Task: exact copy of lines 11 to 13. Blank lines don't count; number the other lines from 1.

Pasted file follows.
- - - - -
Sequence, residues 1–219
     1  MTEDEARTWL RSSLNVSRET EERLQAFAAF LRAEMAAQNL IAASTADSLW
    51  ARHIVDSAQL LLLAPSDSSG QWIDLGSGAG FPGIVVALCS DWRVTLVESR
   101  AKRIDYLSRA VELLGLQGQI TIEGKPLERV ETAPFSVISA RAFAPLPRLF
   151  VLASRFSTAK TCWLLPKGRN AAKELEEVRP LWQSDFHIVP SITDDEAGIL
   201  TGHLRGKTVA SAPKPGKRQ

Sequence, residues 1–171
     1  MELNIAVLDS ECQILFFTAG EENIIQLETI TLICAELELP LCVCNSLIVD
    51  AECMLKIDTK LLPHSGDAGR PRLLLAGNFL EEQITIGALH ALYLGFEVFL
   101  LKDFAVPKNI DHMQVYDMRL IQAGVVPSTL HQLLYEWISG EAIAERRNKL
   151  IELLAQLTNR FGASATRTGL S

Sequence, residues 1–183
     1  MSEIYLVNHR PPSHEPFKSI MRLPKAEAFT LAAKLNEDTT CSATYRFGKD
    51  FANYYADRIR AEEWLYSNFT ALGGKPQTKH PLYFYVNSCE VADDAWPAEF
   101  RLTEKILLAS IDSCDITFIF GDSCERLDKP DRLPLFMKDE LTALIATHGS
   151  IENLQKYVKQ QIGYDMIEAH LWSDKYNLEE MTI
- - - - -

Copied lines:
   151  IELLAQLTNR FGASATRTGL S

Sequence, residues 1–183
     1  MSEIYLVNHR PPSHEPFKSI MRLPKAEAFT LAAKLNEDTT CSATYRFGKD